Cancer chemotherapy can severely damage the brain, killing crucial brain cells and causing key parts of the brain to shrink, according to two studies released this week.
The new findings add to a growing body of evidence suggesting that the phenomenon of "chemobrain" -mental fuzziness, memory loss and cognitive impairment often reported by cancer patients but often dismissed by oncologists - is a serious problem.
"Those of us on the front lines have known this for a long time, but now we have some neuropathological evidence that what we are seeing involves an anatomic change," said Dr. Stewart Fleishman, director of cancer supportive services at Beth Israel Medical Center and St. Luke's-Roosevelt Hospital Center in New York.
He said the most common question he hears from patients when he gives a public lecture is: "My doctor doesn't believe me. How can I convince him this is real?"
The new studies should help convince physicians who are skeptical about the phenomenon, said Fleishman, who was not involved in the research.
Because chemotherapy is such a crucial component of cancer treatment and cannot be abandoned, scientists are calling for more research on shielding the brain from its toxic effects.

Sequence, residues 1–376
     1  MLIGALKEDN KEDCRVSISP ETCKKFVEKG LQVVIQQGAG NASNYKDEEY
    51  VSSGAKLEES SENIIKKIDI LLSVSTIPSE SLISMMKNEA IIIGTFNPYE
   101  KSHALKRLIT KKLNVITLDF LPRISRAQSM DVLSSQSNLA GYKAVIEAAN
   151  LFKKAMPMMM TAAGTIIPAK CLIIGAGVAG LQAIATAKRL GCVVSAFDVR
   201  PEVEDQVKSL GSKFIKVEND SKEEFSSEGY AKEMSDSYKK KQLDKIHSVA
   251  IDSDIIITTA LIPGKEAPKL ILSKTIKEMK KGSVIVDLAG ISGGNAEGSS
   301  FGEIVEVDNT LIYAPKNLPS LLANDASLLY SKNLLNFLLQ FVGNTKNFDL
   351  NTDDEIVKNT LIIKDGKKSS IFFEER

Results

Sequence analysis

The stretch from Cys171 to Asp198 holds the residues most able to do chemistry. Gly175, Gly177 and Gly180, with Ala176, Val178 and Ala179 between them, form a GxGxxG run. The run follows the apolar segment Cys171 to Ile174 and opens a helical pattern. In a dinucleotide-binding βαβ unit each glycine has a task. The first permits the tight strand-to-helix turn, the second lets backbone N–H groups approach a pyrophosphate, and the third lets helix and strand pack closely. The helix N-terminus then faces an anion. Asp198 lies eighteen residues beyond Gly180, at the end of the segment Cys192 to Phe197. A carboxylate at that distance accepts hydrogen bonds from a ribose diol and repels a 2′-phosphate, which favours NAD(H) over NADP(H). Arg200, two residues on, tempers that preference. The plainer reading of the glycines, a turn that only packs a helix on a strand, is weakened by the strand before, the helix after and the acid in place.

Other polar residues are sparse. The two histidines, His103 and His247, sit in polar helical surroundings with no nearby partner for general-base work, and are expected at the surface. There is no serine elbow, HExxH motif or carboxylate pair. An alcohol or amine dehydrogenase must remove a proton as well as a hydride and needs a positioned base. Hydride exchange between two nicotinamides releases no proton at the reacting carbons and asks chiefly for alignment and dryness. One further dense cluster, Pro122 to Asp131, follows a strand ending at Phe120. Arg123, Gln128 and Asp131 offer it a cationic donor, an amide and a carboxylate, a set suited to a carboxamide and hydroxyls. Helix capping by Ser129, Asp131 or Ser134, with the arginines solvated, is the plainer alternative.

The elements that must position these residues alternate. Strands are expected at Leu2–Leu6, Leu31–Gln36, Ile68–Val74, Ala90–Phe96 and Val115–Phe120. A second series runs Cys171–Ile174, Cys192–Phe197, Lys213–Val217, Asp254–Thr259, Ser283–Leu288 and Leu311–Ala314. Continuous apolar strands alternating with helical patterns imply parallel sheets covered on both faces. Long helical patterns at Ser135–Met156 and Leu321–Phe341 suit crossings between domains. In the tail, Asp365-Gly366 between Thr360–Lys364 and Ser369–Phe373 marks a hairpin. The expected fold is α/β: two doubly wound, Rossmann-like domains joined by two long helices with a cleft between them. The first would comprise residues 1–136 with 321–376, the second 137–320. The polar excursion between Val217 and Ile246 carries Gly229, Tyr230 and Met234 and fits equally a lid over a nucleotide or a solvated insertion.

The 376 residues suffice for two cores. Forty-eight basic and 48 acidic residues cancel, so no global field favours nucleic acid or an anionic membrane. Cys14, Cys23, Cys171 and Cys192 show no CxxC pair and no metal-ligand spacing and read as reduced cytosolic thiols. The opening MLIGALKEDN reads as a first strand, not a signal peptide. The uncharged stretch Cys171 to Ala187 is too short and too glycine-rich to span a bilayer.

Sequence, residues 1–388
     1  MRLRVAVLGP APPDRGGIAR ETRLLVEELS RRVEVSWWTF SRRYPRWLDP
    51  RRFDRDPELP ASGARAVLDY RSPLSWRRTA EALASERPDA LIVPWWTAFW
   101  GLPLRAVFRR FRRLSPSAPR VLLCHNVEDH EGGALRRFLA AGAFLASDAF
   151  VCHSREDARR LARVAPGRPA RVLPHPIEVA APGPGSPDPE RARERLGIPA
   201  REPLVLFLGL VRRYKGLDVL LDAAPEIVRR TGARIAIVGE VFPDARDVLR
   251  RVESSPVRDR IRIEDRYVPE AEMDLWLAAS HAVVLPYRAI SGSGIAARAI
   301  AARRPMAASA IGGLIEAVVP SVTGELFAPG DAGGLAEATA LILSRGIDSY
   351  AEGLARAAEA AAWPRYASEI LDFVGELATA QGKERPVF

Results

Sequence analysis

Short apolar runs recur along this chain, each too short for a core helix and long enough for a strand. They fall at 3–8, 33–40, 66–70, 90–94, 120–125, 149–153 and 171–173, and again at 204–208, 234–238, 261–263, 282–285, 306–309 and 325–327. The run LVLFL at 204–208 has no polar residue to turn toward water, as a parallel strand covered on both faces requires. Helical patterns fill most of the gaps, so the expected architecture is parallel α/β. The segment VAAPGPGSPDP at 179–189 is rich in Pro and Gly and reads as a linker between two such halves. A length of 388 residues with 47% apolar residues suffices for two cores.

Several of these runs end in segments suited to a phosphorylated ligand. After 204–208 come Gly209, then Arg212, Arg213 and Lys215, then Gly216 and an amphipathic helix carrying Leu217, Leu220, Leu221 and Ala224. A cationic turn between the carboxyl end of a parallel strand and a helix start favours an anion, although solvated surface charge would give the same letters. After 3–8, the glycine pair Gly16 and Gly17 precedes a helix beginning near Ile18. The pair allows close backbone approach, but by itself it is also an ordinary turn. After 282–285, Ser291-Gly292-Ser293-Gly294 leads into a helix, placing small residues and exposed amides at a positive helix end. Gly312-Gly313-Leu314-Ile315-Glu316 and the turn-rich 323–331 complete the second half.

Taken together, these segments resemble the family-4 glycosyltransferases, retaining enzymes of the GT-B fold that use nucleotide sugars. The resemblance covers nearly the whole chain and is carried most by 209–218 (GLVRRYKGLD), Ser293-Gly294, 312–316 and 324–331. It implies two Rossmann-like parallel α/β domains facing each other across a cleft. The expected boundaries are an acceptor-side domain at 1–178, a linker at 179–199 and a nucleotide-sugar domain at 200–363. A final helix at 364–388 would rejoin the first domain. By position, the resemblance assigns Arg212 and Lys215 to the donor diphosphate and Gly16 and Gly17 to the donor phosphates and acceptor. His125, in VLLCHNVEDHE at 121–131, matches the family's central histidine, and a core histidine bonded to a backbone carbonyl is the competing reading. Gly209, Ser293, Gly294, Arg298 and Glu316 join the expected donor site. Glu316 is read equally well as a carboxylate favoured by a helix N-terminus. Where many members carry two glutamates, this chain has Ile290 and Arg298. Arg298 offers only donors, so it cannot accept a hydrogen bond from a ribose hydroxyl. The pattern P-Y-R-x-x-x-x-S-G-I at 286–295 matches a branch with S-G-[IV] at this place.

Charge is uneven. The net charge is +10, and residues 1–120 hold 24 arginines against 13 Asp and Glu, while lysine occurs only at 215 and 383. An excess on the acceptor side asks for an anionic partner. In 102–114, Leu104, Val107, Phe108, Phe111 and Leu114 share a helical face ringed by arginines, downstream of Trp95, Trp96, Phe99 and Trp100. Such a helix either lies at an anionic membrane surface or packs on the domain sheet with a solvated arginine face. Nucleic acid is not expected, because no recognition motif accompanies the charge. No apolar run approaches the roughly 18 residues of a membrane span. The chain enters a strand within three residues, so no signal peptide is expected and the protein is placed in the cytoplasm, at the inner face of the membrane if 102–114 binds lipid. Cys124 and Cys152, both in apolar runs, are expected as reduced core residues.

"There are no easy answers," said Dr. Patricia K. Duffner of the State University of New York at Buffalo School of Medicine. "We must balance the need for survival with quality of life."
Several studies have suggested that from 40 percent to 80 percent of cancer patients receiving chemotherapy suffer from chemobrain. The problem is particularly severe for breast cancer patients, Fleishman noted, because the treatment induces hormonal changes that can also produce memory problems.
It has also become more common as chemotherapy has increasingly been used at an early stage of treatment rather than as a treatment of last resort.
Dr. Masatoshi Inagaki of the National Cancer Center Hospital in Shikoku, Japan, led a team that used high-resolution magnetic resonance imaging to compare the brains of 51 women who received chemotherapy for breast cancer with those of 54 patients who had only surgery.
Inagaki and his colleagues reported in the current issue of the journal Cancer that, one year after treatment, key areas of the brain involved in cognitive processes were significantly smaller in the women who had chemotherapy.
In the second study, biomedical geneticist Mark D. Noble and colleagues at the University of Rochester Medical Center exposed human brain cells and brain tumor cells grown in a laboratory dish to three of the most commonly used cancer drugs, carmustine, cisplatin and cytarabine.
They reported yesterday in the Journal of Biology that low doses of the drugs caused a 60 percent to 90 percent reduction in the viability of the brain cells but had little effect on tumor cells. Killing 40 percent to 80 percent of the tumor cells required doses that killed up to 100 percent of the brain cells.
Thomas H. Maugh II writes for the Los Angeles Times.